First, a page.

10. Darrin – I’m not worried about the mammogram, I just somehow keep putting it off. I think I’ll make that call today.

    Snowman – It looks like I can avoid doing the pee-pee collection at work. Thank God!

    Judy – thinking of the mammogram as blog fodder might motivate me to get in quick and get it done.

    Jeni – You have been through a lot! Your words make it seem less intimidating to have to go through these tests. Thank you!

    Blessed1 – I’m glad I could make you laugh. In all honesty, I’m not that worried about the tests, just not thrilled with the thought of needles and such. But I’ll live. Once I started contemplating this decision, I never looked back. It’s my dad and he’s been a wonderful dad, even though there were times I didn’t always think so. I’ve grown up though.

    ATFF – I’ll call today!

    Jenelle – thanks for the tips, and yes, I’ll make the appointment! :-)

    Rock Chef – I don’t think it’s radioactive, but they do say to drink lots of fluids afterwards to move it out of your system quickly afterwards. Thanks for your encouragement too. You’re such a great friend!!!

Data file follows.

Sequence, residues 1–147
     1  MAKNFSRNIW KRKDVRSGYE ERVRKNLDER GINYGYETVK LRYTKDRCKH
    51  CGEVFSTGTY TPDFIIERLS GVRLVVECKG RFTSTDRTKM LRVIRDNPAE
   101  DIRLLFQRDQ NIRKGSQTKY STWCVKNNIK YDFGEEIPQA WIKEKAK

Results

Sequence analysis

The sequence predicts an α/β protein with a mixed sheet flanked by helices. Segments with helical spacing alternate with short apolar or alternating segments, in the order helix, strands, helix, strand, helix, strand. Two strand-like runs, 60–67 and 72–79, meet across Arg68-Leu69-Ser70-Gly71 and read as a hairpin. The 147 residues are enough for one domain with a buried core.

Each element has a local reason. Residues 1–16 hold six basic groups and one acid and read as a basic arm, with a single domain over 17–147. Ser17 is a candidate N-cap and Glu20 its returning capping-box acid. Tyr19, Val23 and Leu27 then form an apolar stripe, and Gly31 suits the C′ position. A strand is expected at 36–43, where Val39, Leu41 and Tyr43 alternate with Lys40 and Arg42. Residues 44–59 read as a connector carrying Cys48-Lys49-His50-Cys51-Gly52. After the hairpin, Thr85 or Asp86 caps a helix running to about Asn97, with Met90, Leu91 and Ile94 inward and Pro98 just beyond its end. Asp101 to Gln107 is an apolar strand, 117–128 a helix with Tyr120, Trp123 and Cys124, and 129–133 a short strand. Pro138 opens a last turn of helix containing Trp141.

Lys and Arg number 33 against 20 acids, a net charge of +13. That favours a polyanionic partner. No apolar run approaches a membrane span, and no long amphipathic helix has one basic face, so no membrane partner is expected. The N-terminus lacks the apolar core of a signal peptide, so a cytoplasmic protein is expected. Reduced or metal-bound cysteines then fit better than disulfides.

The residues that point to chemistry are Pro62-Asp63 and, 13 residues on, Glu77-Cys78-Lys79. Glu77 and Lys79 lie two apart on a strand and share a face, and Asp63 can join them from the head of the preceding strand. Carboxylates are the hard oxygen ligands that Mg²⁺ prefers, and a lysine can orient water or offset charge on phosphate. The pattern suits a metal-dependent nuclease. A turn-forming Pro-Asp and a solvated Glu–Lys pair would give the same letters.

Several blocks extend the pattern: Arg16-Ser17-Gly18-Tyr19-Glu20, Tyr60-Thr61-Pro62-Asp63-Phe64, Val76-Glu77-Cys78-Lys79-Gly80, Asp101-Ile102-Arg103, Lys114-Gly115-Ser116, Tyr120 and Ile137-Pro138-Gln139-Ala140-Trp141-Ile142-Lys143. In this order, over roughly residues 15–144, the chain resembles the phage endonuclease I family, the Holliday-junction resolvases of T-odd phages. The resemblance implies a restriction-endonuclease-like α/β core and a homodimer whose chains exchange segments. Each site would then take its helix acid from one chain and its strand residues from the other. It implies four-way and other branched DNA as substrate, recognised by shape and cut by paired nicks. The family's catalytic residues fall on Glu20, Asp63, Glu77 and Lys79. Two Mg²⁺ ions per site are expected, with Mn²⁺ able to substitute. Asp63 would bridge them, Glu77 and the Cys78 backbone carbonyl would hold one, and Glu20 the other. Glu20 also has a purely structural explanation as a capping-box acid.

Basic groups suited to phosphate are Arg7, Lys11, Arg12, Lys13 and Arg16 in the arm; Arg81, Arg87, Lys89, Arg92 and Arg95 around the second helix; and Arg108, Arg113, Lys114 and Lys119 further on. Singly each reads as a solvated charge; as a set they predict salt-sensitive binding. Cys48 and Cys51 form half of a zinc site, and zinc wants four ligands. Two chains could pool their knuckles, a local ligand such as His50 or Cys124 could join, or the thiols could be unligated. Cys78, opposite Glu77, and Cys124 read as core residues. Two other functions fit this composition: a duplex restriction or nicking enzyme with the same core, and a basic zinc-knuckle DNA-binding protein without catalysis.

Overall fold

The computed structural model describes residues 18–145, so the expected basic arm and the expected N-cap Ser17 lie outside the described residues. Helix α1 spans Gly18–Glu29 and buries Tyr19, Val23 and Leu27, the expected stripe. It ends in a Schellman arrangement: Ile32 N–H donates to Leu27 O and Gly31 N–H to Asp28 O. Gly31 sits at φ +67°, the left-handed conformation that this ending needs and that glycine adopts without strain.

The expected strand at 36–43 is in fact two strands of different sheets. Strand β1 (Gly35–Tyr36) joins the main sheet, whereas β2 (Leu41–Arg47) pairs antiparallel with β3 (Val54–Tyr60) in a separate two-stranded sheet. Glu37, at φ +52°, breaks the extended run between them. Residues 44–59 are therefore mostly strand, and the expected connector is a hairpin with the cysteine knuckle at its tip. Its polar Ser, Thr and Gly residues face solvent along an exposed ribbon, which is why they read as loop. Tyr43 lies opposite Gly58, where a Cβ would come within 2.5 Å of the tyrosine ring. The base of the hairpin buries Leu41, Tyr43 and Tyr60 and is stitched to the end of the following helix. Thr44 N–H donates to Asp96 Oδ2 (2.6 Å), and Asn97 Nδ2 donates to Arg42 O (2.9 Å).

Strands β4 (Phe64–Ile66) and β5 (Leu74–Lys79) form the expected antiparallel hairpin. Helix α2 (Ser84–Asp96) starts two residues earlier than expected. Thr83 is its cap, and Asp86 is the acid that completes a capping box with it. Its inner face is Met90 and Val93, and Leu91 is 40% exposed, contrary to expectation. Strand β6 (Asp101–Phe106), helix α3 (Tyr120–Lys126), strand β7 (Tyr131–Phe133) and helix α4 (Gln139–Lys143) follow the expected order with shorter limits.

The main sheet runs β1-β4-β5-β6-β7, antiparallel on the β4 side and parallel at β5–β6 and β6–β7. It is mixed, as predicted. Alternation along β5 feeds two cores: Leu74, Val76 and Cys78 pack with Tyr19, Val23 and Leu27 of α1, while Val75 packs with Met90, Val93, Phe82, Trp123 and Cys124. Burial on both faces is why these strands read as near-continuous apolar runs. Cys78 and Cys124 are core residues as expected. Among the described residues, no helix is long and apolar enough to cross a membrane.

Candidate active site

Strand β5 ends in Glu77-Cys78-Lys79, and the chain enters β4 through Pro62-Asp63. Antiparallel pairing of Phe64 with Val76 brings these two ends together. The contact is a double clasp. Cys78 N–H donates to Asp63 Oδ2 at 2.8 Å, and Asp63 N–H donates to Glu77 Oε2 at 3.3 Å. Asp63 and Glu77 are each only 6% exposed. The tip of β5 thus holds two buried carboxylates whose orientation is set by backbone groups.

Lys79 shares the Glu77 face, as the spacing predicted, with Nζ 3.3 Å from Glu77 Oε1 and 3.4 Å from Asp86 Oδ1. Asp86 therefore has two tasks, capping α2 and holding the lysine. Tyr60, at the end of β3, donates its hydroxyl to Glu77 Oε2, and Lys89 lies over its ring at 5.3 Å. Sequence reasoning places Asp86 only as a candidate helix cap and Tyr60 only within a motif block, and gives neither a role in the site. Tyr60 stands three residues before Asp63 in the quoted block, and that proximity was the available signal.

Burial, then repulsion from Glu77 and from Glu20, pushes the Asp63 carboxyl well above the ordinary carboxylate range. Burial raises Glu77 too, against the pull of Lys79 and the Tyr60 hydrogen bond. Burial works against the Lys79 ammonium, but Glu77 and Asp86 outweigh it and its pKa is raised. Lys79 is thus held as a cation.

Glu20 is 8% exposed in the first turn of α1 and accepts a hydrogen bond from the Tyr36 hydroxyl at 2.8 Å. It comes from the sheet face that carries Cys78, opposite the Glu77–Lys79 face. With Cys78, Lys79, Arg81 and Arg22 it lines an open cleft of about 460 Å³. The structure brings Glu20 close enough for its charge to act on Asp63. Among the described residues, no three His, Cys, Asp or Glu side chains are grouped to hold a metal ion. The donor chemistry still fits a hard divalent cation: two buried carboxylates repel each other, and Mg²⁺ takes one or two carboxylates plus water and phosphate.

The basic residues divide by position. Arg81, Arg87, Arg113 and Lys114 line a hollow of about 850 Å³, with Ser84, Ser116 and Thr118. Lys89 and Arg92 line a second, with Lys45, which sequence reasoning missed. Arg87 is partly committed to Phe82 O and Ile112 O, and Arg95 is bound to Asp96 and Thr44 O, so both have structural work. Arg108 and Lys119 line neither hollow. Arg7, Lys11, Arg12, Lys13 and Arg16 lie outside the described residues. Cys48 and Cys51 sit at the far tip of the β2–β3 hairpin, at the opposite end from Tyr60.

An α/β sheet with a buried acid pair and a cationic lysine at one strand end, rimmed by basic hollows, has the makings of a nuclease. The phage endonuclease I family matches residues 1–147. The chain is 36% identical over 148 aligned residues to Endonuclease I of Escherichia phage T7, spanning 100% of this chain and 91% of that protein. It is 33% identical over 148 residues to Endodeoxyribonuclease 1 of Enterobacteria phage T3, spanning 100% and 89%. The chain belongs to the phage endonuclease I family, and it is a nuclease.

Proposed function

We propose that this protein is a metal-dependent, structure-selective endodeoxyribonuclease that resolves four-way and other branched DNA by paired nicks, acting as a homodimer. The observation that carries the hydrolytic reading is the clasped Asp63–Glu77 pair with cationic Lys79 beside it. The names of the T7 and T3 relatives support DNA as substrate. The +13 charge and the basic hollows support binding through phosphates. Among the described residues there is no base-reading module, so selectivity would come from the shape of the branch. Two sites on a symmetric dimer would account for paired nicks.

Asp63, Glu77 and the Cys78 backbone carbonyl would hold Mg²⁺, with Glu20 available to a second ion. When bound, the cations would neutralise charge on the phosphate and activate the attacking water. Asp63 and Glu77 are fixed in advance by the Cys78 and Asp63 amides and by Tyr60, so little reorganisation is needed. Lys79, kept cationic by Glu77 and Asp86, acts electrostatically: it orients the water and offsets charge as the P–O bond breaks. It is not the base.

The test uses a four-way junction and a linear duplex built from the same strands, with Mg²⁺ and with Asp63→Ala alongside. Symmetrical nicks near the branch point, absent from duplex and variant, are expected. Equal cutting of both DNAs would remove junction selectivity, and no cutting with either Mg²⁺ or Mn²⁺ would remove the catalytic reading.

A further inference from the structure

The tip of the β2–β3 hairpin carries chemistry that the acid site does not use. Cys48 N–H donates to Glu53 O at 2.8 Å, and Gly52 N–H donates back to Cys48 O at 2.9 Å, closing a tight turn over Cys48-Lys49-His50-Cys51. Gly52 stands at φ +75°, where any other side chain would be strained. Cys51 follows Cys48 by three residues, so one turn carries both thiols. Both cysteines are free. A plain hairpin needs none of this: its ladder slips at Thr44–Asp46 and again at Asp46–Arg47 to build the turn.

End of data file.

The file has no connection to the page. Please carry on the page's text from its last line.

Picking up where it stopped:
Knot – somehow I don’t think that’s going to cut it. I think I’ll just make that call and leave it to the pros.

    Suldog – thanks for your words of encouragement. I’m glad you stopped by!

    Abby – I hope they can find mine to get the job done! ;-P I think I keep my dad guessing as I was generally known as the difficult child growing up.

    Irene – I’m going to call today. Why don’t you too?

    Ranch Mommy – you are probably right! My only worry at this point is that they will find something that will prevent me from donating. That would be devastating. But I’m going to remember your belief that it will all work out and hang on to that hope. Thank you!

  11. Yes, I want to! In fact, they can take whatever I have if they still can use it. My brain is over used though so I bet the value of it is as good as one old rusty overused car. lol.